Rev. James Dunlop was re-elected bishop of the Lower Susquehanna Synod)LSS) of the Evangelical Lutheran Church in America (ELCA) at the annual assembly this past weekend.
Following the announcement of his re-election to a second six-year term, Dunlop expressed gratitude to his staff, all members of the synod and his family.
Since his initial election in 2013, Dunlop said, “I’ve loved every day. This is what I feel called to do. I can only do it because of the faith given by the Holy Spirit.”
Representatives from the synod’s 230 congregations and other ministries spread throughout nine counties gathered at Messiah College in Mechanicsburg Thursday through Saturday under the theme of “Hungry for God’s Mission.”
In the ELCA, bishops’ elections proceed by a method known as the “ecclesiastical ballot.” Voters can place the name of any ordained minister in consideration on the first ballot. At this LSS assembly, 28 nominees received one or more votes.
While Dunlop received a majority of votes cast on that first ballot, 266 of 470, and had a commanding lead after every vote, his re-election did not occur until the fourth ballot.
ELCA constitutions require 75 percent majorities on initial ballots and then reduce to 60 percent, which Dunlop received on the fourth round.
The tally was 319 for Dunlop, 141 for Rev. Stephen Herr, pastor of Christ Lutheran Church in Gettysburg, and 36 for Rev. Timothy Mentzer, pastor of Holy Trinity Lutheran Church in Lancaster.
The synod’s rules stipulate that after the second ballot seven finalists are given five minutes to address the assembly and set forth their vision and qualifications to serve as bishop.
Three who remain after the third ballot in what is described as a “call process” respond spontaneously to prepared questions they have not seen in advance.
In his remarks, Dunlop’s experience set him apart from the other finalists. He said in his first term he “learned a great deal” and is eager to see through a number of initiatives aimed at renewing congregations and strengthening leadership throughout the synod.
The bishop noted the number of seminarians preparing for future ministry has increased 500 percent from eight to 40 during his tenure. Four new pastors were ordained at the assembly, including the Rev. Jay Eckman who will serve as Herr’s associate.
Dunlop also noted the average time of transition for congregations whose ministers have retired or accepted another call has been cut in half. ELCA bishops assist parishes in leadership transition and recommend candidates to serve as ordained ministers or deacons.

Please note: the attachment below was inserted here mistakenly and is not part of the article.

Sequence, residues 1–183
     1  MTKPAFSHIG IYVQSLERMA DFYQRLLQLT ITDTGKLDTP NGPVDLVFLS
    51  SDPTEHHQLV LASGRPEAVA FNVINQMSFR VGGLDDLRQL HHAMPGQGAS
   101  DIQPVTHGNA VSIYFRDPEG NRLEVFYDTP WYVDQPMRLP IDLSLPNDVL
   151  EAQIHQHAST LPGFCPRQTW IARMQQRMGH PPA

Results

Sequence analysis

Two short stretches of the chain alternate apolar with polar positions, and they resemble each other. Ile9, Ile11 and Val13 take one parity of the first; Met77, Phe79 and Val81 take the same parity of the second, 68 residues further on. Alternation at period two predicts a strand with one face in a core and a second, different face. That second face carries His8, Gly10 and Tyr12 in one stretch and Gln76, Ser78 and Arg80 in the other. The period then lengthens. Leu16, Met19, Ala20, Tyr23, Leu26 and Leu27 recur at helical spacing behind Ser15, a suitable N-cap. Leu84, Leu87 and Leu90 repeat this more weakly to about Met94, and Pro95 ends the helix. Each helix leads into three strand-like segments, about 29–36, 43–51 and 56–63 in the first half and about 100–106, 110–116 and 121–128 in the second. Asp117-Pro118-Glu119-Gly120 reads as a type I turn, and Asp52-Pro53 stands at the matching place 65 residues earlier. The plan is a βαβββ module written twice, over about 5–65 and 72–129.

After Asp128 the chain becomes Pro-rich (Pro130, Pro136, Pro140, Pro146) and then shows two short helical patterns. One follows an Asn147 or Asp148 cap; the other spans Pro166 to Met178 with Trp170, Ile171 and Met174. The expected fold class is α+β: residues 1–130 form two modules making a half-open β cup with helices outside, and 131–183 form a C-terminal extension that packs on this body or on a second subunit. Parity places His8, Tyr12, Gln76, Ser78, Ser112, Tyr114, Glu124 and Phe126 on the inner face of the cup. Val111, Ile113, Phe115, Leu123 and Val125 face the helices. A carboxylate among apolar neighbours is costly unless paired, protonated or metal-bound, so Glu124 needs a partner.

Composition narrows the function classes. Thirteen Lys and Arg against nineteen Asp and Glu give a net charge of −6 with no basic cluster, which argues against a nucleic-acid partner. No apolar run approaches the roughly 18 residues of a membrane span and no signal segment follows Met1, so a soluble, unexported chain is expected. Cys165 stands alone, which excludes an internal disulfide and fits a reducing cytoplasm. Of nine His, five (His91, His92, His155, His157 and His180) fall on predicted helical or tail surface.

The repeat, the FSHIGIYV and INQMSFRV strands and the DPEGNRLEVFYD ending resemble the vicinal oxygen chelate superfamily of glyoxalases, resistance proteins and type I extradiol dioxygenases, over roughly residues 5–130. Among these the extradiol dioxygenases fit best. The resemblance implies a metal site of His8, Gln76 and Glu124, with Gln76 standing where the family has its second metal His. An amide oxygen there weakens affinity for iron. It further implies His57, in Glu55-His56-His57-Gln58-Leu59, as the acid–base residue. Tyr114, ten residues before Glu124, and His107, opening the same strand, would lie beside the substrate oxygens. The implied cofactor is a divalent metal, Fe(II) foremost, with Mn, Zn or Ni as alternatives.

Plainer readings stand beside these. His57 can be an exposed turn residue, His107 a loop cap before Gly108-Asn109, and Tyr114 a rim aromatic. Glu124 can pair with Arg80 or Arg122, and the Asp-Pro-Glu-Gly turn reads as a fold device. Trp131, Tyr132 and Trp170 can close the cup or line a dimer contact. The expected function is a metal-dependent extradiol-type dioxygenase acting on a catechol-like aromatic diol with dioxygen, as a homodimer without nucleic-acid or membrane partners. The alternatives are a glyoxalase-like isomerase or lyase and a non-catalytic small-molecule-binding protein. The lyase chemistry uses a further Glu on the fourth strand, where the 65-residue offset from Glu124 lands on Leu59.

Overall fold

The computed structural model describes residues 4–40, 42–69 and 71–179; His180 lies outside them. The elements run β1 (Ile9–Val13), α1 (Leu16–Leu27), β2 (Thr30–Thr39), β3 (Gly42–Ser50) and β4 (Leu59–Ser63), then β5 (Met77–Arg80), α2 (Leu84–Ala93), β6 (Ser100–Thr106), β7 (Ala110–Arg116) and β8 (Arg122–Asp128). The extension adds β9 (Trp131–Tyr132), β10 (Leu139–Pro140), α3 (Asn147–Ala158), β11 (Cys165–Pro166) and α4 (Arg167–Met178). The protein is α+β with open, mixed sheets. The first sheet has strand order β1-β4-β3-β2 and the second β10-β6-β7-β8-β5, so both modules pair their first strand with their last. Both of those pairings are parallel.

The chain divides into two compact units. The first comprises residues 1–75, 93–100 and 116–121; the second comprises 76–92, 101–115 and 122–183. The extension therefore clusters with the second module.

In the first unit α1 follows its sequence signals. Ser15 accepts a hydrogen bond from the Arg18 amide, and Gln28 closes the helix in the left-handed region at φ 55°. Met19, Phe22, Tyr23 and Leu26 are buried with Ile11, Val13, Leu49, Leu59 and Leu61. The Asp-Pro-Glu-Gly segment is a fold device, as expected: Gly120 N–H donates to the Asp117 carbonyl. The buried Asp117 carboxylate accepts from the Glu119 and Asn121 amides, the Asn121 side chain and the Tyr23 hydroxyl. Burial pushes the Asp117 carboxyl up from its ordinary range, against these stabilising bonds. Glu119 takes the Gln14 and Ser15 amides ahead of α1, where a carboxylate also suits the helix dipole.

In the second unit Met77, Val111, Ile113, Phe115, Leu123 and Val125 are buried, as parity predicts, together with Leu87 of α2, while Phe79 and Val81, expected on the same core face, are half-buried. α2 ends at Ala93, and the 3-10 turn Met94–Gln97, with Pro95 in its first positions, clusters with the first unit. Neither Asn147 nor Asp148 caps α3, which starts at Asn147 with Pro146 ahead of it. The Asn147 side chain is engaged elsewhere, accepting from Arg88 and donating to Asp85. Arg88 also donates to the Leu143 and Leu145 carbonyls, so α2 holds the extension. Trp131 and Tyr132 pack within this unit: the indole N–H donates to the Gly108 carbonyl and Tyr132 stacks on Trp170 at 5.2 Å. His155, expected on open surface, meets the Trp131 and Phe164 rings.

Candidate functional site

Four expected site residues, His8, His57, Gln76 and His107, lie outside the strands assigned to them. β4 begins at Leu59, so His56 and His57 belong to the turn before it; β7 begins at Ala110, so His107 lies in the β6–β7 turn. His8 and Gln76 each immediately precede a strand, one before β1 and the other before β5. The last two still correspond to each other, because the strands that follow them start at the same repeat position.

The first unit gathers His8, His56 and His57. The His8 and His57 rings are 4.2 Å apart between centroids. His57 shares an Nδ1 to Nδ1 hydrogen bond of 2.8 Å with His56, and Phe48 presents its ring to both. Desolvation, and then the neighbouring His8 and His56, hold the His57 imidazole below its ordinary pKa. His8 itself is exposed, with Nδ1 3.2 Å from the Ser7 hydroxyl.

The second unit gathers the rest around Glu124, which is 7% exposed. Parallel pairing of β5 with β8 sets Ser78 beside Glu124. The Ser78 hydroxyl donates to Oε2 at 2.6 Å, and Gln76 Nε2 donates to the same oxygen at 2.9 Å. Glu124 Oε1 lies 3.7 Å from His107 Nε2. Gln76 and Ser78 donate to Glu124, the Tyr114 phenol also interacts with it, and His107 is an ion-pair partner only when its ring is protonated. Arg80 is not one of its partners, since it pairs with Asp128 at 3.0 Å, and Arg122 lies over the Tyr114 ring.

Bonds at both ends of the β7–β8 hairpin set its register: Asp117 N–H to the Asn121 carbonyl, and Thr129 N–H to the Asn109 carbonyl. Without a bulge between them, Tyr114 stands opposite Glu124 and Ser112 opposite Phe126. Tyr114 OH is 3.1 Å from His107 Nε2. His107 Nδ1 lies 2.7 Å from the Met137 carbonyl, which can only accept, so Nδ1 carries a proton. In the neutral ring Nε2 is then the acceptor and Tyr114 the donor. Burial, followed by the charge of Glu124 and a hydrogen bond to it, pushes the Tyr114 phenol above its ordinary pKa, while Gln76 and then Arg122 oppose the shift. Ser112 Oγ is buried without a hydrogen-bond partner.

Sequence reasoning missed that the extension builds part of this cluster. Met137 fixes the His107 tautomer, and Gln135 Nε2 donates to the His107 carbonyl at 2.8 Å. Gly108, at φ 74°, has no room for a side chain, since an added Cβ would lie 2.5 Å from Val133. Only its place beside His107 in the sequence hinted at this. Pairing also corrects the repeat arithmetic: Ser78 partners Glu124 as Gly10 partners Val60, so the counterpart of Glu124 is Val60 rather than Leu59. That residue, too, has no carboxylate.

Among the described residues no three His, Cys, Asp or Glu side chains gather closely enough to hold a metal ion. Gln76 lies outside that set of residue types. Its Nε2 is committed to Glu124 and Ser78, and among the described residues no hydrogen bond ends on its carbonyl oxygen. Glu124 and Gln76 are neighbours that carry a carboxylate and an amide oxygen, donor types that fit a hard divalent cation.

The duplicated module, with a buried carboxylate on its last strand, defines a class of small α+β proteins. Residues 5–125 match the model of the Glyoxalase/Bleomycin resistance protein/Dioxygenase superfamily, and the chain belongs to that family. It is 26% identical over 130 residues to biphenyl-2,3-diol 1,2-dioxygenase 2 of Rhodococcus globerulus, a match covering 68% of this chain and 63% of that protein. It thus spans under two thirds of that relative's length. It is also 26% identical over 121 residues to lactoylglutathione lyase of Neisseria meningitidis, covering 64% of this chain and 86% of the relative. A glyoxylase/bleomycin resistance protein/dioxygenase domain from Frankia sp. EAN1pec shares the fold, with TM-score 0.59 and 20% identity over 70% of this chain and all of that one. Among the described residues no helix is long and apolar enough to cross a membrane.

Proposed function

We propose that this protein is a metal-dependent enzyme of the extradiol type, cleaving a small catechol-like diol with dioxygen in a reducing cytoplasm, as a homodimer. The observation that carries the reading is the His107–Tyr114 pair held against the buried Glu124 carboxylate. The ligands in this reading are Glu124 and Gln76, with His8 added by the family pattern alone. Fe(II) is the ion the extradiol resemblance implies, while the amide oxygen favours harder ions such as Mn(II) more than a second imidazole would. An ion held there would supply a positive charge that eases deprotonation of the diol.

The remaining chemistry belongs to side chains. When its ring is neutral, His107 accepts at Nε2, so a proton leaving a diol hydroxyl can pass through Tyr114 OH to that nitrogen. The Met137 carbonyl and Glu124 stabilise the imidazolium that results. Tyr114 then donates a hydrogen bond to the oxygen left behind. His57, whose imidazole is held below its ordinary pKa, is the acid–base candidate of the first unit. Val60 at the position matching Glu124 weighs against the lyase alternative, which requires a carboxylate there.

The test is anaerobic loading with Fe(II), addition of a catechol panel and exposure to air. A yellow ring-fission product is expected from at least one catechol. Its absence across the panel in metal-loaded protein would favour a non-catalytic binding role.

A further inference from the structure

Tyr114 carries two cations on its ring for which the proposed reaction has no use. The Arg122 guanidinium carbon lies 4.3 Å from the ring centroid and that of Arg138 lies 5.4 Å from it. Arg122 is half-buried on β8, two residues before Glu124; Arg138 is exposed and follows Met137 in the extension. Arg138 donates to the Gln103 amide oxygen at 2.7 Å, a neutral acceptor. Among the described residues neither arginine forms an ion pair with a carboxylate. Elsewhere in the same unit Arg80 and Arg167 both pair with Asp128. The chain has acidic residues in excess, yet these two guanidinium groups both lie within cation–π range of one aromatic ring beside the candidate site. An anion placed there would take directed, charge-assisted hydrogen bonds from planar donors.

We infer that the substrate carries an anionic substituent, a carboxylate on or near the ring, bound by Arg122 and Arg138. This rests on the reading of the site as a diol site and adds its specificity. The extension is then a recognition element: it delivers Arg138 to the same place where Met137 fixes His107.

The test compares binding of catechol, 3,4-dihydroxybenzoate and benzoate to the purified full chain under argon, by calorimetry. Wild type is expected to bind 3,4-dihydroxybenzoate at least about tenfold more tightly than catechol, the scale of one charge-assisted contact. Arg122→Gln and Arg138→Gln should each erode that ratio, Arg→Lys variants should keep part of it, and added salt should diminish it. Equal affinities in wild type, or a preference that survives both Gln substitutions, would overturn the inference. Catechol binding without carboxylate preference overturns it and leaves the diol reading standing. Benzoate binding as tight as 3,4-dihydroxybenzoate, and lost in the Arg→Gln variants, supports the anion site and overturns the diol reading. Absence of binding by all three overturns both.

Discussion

The bishop also celebrated the synod’s completion of a major fund-raising campaign in which the initial goal of $5.5 million for synodical and churchwide ministries, including hunger relief, was surpassed by $3 million.
In addition to worshiping, praying and conducting routine business that included adoption of a budget and hearing reports from the wider ELCA and local ministries, the Harrisburg-based synod also elected two other officers and members of various committees.
Lucinda Bringman of Gettysburg was elected to a third term as the synod’s vice president. She chairs the synod council or board of directors and fulfills other important roles as the chief lay officer.
Elected as synod secretary was the Rev. Beth Schlegel, pastor of St. Peter Lutheran Church in York.
At a banquet Thursday evening, the synod paid tribute to the Rev. Thomas McKee of York, who has served as secretary for 20 years.
Dunlop and others praised McKee for his dedication and competence while working in close partnership with all four of the synod’s bishops who have served since the ELCA came into being.
Disturbing trends in
In his reports to the assembly, Dunlop summarized trends showing serious declines in most U.S. denominations, including the ELCA. By contrast, he noted, Christianity is growing rapidly in Africa and Latin America.
“In the worldwide Christian community,” said Dunlop, a stance of “making America great just doesn’t fly.” Among the contemporary church’s greatest challenges, he asserted, is “to liberate the gospel from American cultural captivity.”
Currently, there are 350,000 Christian congregations in the U.S. and half of them have fewer than 100 in attendance at their Sunday services, he said.
In the local synod, 72 percent of Lutheran churches are in that size category and are challenged to provide adequate clergy salaries, maintain large and expensive facilities, and still have resources available to serve their local communities and also support synod and churchwide ministries.
Membership decline predictably results in the church having diminished financial capacity. Dunlop pointed to sobering statistics, which reveal the synod’s congregations’ contributions to the larger church have diminished from nearly 12 percent of their income 30 years ago to 4 percent today.
Dunlop also pointed out that amidst the nation’s growing racial and ethnic diversity the ELCA remains the “whitest” of all major denominations despite its stated commitments to become more multicultural.
But all is not gloom and doom, the bishop assured. With support from the synod, many congregations in south-central Pennsylvania are showing signs of renewal and rebound.
The synod offers training to ministers and lay leaders committed to reaching out in their communities. More than 40 individuals are equipped to serve as “renewal coaches” who can assist congregations that have been declining find ways to reverse that trend.
Recognizing that traditional church ways fail to attract many members of the “millennial” generation, only 28 percent of whom claim to be Christian, the synod also supports innovative outreach in coffee shops, martial arts studios and other avant-garde contexts.
“I believe God still has a mission for us to participate in, and we can do that better together,” he said.